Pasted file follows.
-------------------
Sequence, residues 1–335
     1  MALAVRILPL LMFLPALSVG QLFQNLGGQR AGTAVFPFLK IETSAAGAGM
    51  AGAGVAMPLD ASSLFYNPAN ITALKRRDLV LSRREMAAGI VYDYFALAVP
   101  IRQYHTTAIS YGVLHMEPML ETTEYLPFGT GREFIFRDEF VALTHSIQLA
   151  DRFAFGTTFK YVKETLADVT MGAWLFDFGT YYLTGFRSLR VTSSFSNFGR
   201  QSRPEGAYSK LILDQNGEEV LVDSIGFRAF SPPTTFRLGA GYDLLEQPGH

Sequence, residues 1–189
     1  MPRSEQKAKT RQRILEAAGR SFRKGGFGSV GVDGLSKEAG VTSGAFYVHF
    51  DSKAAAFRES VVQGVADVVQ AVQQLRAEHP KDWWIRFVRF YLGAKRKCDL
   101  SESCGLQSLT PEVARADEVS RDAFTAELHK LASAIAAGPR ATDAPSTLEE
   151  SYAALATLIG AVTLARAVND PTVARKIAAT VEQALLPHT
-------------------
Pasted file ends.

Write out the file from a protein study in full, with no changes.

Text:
Sequence, residues 1–335
     1  MALAVRILPL LMFLPALSVG QLFQNLGGQR AGTAVFPFLK IETSAAGAGM
    51  AGAGVAMPLD ASSLFYNPAN ITALKRRDLV LSRREMAAGI VYDYFALAVP
   101  IRQYHTTAIS YGVLHMEPML ETTEYLPFGT GREFIFRDEF VALTHSIQLA
   151  DRFAFGTTFK YVKETLADVT MGAWLFDFGT YYLTGFRSLR VTSSFSNFGR
   201  QSRPEGAYSK LILDQNGEEV LVDSIGFRAF SPPTTFRLGA GYDLLEQPGH

Sequence, residues 1–189
     1  MPRSEQKAKT RQRILEAAGR SFRKGGFGSV GVDGLSKEAG VTSGAFYVHF
    51  DSKAAAFRES VVQGVADVVQ AVQQLRAEHP KDWWIRFVRF YLGAKRKCDL
   101  SESCGLQSLT PEVARADEVS RDAFTAELHK LASAIAAGPR ATDAPSTLEE
   151  SYAALATLIG AVTLARAVND PTVARKIAAT VEQALLPHT